Mar 7, 2013
Followed By: How to Not Get Offended
One oft-underestimated threat to epistemic rationality is getting offended. While getting offended by something sometimes feels good and can help you assert moral superiority, in most cases it doesn't help you figure out what the world looks like. In fact, getting offended usually makes it harder to figure out what the world looks like, since it means you won't be evaluating evidence very well. In Politics is the Mind-Killer, Eliezer writes that "people who would be level-headed about evenhandedly weighing all sides of an issue in their professional life as scientists, can suddenly turn into slogan-chanting zombies when there's a Blue or Green position on an issue." Don't let yourself become one of those zombies-- all of your skills, training, and useful habits can be shut down when your brain kicks into offended mode!
One might point out that getting offended is a two-way street and that it might be more appropriate to make a post called "Don't Be Offensive." That feels like a just thing to say-- as if you are targeting the aggressor rather than the victim. And on a certain level, it's true-- you shouldn't try to offend people, and if you do in the course of a normal conversation it's probably your fault. But you can't always rely on others around you being able to avoid doing this. After all, what's offensive to one person may not be so to another, and they may end up offending you by mistake. And even in those unpleasant cases when you are interacting with people who are deliberately trying to offend you, isn't staying calm desirable anyway?
The other problem I have with the concept of being offended as victimization is that, when you find yourself getting offended, you may be a victim, but you're being victimized by yourself. Again, that's not to say that offending people on purpose is acceptable-- it obviously isn't. But you're the one who gets to decide whether or not to be offended by something. If you find yourself getting offended to things as an automatic reaction, you should seriously evaluate why that is your response.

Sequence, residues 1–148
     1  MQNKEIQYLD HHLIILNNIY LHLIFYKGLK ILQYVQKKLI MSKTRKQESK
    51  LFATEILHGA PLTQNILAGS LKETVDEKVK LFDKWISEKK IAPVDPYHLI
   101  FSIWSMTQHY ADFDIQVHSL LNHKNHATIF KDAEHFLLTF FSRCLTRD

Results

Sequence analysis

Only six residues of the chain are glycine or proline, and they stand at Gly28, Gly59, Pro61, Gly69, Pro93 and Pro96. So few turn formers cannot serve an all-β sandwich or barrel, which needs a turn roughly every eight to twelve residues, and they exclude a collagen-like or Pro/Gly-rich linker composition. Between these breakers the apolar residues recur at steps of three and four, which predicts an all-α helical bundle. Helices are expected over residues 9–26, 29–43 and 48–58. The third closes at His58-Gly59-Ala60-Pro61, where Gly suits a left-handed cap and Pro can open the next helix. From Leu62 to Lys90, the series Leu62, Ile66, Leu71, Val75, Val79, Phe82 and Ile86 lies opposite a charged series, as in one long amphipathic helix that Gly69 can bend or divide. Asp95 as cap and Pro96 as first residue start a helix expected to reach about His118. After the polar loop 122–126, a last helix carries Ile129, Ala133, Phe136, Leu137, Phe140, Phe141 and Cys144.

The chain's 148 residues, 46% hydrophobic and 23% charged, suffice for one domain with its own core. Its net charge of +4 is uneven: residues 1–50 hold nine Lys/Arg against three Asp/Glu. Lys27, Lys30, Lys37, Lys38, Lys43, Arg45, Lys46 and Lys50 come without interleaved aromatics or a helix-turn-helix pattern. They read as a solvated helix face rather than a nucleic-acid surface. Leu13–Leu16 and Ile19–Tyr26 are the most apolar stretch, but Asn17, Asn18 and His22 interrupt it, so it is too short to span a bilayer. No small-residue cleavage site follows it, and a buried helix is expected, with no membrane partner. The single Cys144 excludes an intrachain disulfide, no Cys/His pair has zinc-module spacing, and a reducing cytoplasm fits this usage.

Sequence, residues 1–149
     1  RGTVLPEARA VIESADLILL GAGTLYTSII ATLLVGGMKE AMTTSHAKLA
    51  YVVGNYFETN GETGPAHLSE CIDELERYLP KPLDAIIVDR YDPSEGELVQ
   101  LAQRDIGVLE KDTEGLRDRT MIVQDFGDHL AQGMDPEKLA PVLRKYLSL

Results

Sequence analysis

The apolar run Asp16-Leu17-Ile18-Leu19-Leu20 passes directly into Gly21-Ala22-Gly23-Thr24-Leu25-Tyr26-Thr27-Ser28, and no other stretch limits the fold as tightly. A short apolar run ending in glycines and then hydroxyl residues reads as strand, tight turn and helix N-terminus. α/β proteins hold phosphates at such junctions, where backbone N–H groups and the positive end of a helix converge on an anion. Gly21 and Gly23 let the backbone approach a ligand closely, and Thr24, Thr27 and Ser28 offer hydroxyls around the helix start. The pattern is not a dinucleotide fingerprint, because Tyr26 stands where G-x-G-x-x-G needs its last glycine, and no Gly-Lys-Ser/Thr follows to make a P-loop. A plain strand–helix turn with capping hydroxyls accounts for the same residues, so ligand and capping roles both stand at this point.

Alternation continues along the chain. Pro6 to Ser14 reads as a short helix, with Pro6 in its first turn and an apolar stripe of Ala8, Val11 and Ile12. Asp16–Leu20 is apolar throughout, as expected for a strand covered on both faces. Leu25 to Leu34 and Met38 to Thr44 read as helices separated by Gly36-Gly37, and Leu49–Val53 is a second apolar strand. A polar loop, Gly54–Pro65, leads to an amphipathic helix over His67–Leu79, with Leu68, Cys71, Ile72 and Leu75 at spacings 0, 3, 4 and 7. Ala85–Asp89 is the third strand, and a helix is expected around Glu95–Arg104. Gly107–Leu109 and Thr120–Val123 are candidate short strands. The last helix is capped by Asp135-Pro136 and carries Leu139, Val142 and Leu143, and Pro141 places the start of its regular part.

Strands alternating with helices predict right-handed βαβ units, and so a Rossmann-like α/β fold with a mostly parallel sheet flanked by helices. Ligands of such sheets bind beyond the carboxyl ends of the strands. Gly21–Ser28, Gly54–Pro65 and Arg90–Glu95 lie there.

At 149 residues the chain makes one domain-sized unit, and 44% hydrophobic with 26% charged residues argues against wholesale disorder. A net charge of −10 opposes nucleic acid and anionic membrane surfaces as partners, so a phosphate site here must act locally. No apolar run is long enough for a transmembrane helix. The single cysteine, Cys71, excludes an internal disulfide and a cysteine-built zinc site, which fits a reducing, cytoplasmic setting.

There is nothing inherent in a set of words that makes them offensive or inoffensive-- your reaction is an internal, personal process. I've seen some people stay cool in the face of others literally screaming racial slurs in their faces and I've seen other people get offended by the slightest implication or slip of the tongue. What type of reaction you have is largely up to you, and if you don't like your current reactions you can train better ones-- this is a core principle of the extremely useful philosophy known as Stoicism.
Of course, one (perhaps Robin Hanson) might also point out that getting offended can be socially useful. While true-- quickly responding in an offended fashion can be a strong signal of your commitment to group identity and values-- that doesn't really relate to what this post is talking about. This post is talking about the best way to acquire correct beliefs, not the best way to manipulate people. And while getting offended can be a very effective way to manipulate people-- and hence a tactic that is unfortunately often reinforced-- it is usually actively detrimental for acquiring correct beliefs. Besides, the signalling value of offense should be no excuse for not knowing how not to be offended. After all, if you find it socially necessary to pretend that you are offended, doing so is not exactly difficult.
Personally, I have found that the cognitive effort required to build a habit of not getting offended pays immense dividends. Getting offended tends to shut down other mental processes and constrain you in ways that are often undesirable. In many situations, misunderstandings and arguments can be diminished or avoided completely if one is unwilling to become offended and practiced in the art of avoiding offense. Further, some of those situations are ones in which thinking clearly is very important indeed! All in all, while getting offended does often feel good (in a certain crude way), it is a reaction that I have no regrets about relinquishing.
 In Keep Your Identity Small, Paul Graham rightly points out that one way to prevent yourself from getting offended is to let as few things into your identity as possible.